Louisiana Supreme Court Reviews Sentence of Vet Serving Life for $30 Marijuana Sale
The Louisiana Supreme Court began hearing arguments Monday to review the sentence of a man serving life in prison for a $30 marijuana sale.
Army veteran Derek Harris is serving life without parole for selling less than a gram of marijuana to an undercover police officer in 2008. Prosecutors secured a life sentence because Harris had prior convictions.
Under Louisiana’s Habitual Offender Statute, prosecutors can impose severe prison terms against repeat offenders, even for nonviolent crimes.
Public Defender Danny Engleberg says the Habitual Offender law allows for punishments that are grossly disproportionate to the crimes committed.
"One of the things that we see from this case is the need for reform for our repeat offender laws in how much it takes the discretion away from the judge, whose job it is to figure out the appropriate sentence, and puts it in the hands of prosecutors," Engleberg explains.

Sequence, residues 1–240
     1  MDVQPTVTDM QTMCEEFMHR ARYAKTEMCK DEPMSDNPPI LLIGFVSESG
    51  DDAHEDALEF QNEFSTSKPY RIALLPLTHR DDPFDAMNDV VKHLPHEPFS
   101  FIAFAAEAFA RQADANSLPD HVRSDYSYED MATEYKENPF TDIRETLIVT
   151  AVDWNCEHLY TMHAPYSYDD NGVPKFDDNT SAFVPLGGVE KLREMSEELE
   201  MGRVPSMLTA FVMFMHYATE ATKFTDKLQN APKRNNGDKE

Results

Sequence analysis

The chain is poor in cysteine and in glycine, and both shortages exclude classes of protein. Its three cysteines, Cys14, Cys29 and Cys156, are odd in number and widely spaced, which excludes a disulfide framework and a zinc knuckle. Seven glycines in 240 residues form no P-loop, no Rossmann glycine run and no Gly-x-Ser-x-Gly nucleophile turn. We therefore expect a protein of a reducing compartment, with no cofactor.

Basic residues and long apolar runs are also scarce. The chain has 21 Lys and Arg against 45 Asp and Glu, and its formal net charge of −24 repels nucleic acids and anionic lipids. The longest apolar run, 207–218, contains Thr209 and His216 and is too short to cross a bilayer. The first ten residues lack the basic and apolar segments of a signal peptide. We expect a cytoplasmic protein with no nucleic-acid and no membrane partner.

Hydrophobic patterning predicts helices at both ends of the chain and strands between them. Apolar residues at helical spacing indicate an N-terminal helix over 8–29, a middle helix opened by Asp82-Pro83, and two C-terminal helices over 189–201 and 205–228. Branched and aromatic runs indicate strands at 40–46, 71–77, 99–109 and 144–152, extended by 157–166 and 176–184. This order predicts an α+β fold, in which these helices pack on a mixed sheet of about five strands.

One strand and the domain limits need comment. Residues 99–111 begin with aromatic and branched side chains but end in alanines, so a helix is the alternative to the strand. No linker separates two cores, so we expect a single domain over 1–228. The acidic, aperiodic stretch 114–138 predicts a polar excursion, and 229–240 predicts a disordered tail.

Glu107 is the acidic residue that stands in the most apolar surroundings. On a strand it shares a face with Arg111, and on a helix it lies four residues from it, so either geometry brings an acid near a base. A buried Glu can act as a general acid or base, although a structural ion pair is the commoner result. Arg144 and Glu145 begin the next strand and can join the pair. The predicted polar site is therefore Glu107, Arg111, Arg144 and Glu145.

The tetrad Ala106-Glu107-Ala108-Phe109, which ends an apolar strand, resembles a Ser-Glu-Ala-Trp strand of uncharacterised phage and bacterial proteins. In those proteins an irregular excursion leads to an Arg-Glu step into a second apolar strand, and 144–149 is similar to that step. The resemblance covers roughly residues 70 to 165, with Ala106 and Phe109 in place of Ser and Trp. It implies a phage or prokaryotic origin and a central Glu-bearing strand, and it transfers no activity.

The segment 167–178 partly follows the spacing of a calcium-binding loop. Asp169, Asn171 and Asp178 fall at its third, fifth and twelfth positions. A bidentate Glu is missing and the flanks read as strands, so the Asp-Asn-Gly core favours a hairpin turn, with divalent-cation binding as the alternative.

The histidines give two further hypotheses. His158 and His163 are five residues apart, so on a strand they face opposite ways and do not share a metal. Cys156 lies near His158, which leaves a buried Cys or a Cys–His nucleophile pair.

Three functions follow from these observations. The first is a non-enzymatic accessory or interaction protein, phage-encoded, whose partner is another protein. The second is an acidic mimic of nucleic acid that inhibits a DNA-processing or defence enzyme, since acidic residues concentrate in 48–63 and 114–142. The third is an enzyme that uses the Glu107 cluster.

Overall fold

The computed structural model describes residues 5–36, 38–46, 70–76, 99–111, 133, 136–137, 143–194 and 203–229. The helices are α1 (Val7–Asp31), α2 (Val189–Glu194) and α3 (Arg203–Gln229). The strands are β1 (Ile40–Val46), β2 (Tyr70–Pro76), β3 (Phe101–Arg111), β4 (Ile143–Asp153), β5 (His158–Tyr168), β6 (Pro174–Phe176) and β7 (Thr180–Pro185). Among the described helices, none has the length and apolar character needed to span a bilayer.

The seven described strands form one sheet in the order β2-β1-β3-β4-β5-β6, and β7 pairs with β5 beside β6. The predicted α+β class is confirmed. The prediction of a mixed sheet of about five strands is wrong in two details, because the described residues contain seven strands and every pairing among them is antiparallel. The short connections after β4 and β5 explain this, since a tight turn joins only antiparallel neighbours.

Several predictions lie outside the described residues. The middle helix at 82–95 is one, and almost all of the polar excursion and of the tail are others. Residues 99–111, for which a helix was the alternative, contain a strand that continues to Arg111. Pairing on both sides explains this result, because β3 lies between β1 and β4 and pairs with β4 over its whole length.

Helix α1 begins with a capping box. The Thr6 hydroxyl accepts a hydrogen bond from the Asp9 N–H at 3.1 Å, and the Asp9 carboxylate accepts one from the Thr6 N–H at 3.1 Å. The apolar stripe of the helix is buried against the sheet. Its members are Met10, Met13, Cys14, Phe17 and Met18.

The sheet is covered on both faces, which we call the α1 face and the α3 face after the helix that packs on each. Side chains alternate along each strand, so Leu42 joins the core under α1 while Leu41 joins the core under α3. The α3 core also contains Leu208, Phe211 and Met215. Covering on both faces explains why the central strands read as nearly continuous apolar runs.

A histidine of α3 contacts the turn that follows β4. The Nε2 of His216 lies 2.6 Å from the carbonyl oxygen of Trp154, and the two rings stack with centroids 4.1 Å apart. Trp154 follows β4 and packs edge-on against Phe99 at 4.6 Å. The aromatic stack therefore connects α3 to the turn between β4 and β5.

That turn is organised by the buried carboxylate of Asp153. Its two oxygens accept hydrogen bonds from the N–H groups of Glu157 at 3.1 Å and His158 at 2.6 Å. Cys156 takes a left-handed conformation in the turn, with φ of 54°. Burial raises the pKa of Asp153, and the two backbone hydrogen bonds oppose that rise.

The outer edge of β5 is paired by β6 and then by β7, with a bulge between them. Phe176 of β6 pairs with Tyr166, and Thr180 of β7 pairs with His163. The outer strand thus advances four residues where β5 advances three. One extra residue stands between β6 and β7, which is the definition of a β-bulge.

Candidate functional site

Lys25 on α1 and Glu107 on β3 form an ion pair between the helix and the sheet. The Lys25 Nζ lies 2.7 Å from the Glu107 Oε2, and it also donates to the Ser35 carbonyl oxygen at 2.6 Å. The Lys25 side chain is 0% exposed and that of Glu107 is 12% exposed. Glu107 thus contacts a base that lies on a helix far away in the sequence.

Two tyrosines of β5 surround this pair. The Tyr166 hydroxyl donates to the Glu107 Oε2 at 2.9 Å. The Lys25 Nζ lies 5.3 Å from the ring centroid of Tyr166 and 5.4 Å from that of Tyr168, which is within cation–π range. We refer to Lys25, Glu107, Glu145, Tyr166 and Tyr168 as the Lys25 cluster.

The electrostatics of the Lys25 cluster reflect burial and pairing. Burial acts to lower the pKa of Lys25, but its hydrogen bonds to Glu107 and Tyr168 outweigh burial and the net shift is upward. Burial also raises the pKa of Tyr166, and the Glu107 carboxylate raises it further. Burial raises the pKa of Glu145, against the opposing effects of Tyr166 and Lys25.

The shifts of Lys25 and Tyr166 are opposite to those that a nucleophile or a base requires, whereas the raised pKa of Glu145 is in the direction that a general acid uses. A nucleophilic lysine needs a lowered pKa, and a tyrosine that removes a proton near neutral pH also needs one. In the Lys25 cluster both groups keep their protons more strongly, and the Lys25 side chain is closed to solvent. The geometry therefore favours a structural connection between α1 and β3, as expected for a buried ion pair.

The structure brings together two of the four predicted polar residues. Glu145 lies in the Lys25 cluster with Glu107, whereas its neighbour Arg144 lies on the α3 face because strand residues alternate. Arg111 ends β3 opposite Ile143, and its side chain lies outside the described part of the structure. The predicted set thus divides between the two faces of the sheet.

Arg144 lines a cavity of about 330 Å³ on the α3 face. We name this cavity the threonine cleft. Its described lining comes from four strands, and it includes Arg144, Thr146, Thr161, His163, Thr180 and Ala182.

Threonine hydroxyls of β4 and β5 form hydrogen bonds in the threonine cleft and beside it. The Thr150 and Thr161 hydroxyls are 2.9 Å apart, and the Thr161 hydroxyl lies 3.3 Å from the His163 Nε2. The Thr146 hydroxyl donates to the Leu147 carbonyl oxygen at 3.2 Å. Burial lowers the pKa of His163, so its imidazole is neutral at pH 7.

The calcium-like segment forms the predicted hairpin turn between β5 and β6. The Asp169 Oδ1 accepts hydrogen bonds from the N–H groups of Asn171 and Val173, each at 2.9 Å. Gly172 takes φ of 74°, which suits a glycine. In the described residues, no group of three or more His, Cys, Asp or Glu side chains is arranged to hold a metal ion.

According to Mercedes Montagnes, Executive Director at the Promise of Justice Initiative, the Habitual Offender Statute is one of the reasons Louisiana is the incarceration capital of the world.
"These extremely long and excessive sentences, you’re not really able to challenge them once you receive them and so we have a disproportionate number of people serving life without parole and a disproportionate number of people in prison," says Montagnes.
The Louisiana Supreme Court heard arguments to determine if Harris should get a new sentencing hearing.
Harris’s attorneys argued that he did not get adequate counsel from his court-appointed lawyer, who failed to appeal the excessive sentence. They say Harris committed minor crimes because of drug addiction and mental health problems resulting from combat in the Gulf War.
The prosecution asked the high court to uphold Harris’s life sentence because it is mandated under the Habitual Offender Statute.
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